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“I would imagine it is,” Gemma said.

“That’s why so many of them change their names,” Lydia went on. “What do your siren friends go by now? I’m sure it’s not Peisinoe and Thelxiepeia, is it?”

Gemma shook her head. “No, it’s Penn and Thea.”

“They’re much more manageable to say and spell, too, which is an added bonus,” Lydia said.

“The Greeks were lame about names,” Marcy muttered.

Lydia smirked. “Well, I’m sure the Greeks would think you’re pretty lame about names.”

“What about Achelous?” Gemma asked. “Do you know if he’s still alive?”

“I can’t say for sure.” Lydia gave her shoulders a helpless shrug. “Many of the gods live so far off the radar that their deaths don’t even register. I’ve got plenty of feelers out for both him and Demeter, though.”

“What about the muses?” Gemma asked.

“I did have some word on them, but none of it’s good.” Lydia smiled sadly at her. “The two you were looking for—Terpsichore and Melpomene—are confirmed dead, along with Calliope, Euterpe, Clio, Thalia, and Urania. The other two have been missing for centuries and are presumed dead.”

“So you’re saying that all the muses are dead?” Marcy asked, looking up at Lydia.

Lydia nodded. “Yes, I think so.”

“Dammit.” Gemma ran her hand through her hair. “I really thought they might be the key to destroying the scroll.”

“Destroying the scroll is pretty impossible, even if you had a muse,” Lydia reminded her.

“‘Pretty’ impossible isn’t ‘completely’ impossible,” Gemma said. “Thea told me about this Asterion guy, and how he used a muse to break the curse.”

“Are you talking about the minotaur?” Lydia leaned forward, her excitement piqued. “They’ve been extinct for over a thousand years.”

“Right.” Gemma nodded. “Because they undid the curse.”

“And you’re saying they heard it from a muse?” Lydia touched her chin as she thought about it. “That would make sense. Muses kept a lot of secrets, which is why they’re likely all dead. The other reason is their almost boundless love.”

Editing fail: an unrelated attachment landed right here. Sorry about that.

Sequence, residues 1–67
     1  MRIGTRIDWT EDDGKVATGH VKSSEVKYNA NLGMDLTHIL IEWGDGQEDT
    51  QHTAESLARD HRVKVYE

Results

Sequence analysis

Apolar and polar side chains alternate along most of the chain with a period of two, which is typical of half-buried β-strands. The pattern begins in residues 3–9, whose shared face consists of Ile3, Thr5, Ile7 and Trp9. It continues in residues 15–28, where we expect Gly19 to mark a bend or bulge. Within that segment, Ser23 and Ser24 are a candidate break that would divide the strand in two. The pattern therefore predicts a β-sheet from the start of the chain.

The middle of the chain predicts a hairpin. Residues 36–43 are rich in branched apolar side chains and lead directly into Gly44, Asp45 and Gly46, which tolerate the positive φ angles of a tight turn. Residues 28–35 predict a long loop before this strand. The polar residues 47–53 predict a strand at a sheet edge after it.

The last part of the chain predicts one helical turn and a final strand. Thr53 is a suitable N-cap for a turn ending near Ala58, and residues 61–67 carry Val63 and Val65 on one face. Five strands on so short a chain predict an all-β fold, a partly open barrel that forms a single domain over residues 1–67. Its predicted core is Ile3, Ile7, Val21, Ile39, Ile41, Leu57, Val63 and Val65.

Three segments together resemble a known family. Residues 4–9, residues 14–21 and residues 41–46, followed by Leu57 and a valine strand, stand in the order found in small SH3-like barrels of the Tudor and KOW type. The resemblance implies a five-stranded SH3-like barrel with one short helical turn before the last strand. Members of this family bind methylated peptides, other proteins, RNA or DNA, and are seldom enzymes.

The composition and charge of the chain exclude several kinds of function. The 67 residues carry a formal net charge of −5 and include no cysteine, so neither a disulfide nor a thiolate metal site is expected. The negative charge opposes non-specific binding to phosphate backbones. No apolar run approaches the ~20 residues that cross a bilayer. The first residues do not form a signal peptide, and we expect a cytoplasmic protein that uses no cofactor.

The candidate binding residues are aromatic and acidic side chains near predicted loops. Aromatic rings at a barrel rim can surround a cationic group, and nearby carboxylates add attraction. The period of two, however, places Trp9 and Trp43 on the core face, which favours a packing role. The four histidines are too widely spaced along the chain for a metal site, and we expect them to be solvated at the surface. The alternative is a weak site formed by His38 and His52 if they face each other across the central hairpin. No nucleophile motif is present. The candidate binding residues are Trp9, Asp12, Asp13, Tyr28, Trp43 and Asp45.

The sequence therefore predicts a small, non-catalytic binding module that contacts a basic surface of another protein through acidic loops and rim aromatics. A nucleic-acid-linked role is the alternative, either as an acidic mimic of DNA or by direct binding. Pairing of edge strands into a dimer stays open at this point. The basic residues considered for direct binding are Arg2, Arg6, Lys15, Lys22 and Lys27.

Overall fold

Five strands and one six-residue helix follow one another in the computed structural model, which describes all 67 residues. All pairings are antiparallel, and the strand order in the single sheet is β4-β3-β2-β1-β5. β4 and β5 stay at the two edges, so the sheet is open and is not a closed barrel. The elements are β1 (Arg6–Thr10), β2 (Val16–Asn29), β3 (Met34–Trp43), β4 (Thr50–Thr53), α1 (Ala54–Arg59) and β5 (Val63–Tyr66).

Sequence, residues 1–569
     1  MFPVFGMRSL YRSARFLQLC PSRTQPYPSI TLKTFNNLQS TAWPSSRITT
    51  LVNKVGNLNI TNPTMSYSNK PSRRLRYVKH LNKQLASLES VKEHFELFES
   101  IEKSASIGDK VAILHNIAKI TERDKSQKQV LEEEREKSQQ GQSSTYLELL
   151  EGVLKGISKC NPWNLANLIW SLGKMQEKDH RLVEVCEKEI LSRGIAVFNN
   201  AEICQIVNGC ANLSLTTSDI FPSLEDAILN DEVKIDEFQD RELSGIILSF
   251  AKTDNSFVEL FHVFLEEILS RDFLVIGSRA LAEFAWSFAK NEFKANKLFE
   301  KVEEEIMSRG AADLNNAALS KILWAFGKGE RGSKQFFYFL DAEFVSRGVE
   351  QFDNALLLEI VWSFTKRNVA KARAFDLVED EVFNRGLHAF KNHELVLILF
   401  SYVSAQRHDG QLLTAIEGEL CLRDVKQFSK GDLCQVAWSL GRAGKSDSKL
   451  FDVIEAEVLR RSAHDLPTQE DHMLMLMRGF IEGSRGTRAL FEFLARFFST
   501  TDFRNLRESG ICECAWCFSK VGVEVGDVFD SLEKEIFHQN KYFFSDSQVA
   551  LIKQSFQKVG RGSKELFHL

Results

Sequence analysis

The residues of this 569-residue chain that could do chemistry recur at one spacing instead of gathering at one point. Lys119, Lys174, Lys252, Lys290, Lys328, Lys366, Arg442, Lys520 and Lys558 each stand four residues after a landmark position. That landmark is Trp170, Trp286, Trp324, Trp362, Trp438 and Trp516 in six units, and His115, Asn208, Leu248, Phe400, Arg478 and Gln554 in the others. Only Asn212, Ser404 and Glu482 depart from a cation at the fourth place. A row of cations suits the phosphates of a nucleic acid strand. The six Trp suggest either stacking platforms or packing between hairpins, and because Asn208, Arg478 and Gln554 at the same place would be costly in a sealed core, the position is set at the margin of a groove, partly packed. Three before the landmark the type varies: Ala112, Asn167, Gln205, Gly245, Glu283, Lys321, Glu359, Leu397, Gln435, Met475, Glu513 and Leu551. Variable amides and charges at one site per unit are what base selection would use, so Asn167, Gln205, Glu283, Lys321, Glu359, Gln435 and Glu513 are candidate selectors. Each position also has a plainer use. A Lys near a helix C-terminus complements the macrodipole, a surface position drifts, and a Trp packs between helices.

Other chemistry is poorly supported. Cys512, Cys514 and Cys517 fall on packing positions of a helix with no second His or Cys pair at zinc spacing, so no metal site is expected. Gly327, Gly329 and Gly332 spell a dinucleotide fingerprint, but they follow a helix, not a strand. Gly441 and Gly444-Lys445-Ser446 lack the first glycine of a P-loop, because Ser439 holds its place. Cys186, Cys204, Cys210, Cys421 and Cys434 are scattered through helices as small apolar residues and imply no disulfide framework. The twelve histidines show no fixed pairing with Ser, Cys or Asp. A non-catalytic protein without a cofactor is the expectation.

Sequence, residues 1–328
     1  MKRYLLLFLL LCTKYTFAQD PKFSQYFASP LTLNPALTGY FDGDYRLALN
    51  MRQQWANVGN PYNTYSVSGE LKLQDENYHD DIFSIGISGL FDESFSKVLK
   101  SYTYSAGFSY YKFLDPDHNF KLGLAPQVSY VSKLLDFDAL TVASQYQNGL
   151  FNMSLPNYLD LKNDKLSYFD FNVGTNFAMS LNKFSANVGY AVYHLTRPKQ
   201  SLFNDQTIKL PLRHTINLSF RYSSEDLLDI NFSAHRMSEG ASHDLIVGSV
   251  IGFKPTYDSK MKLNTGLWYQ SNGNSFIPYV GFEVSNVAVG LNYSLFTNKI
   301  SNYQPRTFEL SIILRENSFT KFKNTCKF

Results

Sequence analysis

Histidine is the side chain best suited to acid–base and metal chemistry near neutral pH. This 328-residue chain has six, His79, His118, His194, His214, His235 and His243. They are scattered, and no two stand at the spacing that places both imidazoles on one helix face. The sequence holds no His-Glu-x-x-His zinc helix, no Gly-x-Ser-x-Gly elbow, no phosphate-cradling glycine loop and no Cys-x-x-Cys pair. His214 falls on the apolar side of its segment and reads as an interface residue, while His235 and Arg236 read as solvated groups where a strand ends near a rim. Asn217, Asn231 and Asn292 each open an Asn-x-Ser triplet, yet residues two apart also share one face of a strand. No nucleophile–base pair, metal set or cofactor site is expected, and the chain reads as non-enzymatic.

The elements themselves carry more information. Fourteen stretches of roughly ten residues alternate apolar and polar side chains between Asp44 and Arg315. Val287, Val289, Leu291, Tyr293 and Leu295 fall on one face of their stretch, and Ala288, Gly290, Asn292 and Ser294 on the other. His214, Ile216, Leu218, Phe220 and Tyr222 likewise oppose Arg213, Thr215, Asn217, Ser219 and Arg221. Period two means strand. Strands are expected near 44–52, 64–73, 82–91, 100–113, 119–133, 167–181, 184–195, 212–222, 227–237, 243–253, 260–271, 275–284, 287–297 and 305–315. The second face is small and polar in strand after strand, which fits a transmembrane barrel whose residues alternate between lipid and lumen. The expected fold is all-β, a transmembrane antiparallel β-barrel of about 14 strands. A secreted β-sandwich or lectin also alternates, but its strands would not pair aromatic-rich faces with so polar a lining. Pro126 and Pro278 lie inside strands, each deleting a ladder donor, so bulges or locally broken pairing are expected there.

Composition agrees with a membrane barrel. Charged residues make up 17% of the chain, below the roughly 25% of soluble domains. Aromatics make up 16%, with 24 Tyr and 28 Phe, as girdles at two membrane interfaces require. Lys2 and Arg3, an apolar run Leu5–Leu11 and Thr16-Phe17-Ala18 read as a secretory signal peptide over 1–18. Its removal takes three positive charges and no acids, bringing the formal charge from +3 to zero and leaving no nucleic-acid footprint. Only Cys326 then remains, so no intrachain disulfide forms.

“Boundless love?” Marcy asked. “Is that a nice way of saying they were prostitutes? Because hookers always seem to be targets for serial killers.”

“Serial killers aren’t killing immortals,” Lydia said, casting Marcy a bemused look. “Muses gave up their immortality when they fell in love. They chose to be human to be able to have a relationship instead of the somewhat parasitic version they’d normally have. And then they would just die of natural causes, like any other mortal.”

“So is that what happened to the gods, like Achelous?” Gemma asked.

“No. He’s a true immortal—he was born that way,” Lydia said. “Only those that have been granted immortality—either by being blessed or cursed—can give it up. Everyone else is cursed to live forever. Unless, of course, they’re murdered.”

“So if Achelous is dead, he was murdered?” Gemma asked.

“Yes. That would be the only way.”

Marcy readjusted her glasses on her nose and stared at the floor thoughtfully. “It’s weird that immortality is considered both a blessing and a curse.”

“It is a double-edged sword,” Lydia agreed.

“How do you kill a god?” Gemma asked.

“It depends on the god. If you’re god of the sun, it would probably have something to do with darkness,” Lydia said.

Gemma thought of Achelous, remembering how he was a freshwater god. “So for something like the god of water, it would probably involve being dried out?”

Lydia nodded. “Yeah, something like that.”

“So is that how you kill a siren, then?” Marcy asked.

“No, killing a siren is a lot easier than killing a god. A god—something like Apollo or Achelous—they would be here.” Lydia held up her hand above her head. “And an immortal, something like a siren or even a werewolf or troll, would be here.” She held her hand in front of her chin.

“Where would humans be?” Marcy asked, and Lydia lowered her hand in front of her stomach. “That far down, huh?”

“Yeah, we’re pretty fragile,” Lydia said. “So anyway, lesser immortals like vampires usually have more than one way to kill them. Breaking the curse, starvation, sunlight, a stake through the heart. A god only has one way, and it’s usually complicated and arduous.”

“So there’s more than one way to kill a siren, then?” Gemma asked.

“Since you were here last, I’ve been doing some research. I found a few ways to kill sirens, but most of them are longer-term,” Lydia explained. “Starvation, having fewer than four sirens on a full moon, being apart from each other for several weeks. There’s only one instantaneous way to kill them.”

“And would that involve a stake through the heart or a silver bullet?” Marcy asked.

Lydia shook her head. “Unfortunately, no. It’s not quite that simple.”

“Of course not,” Gemma muttered.

“Hold on.” Lydia leaned back and punched some buttons on the cash register. It made a loud ding, and the drawer popped open. She dug inside, then pulled out a small, folded square of paper. “Here.”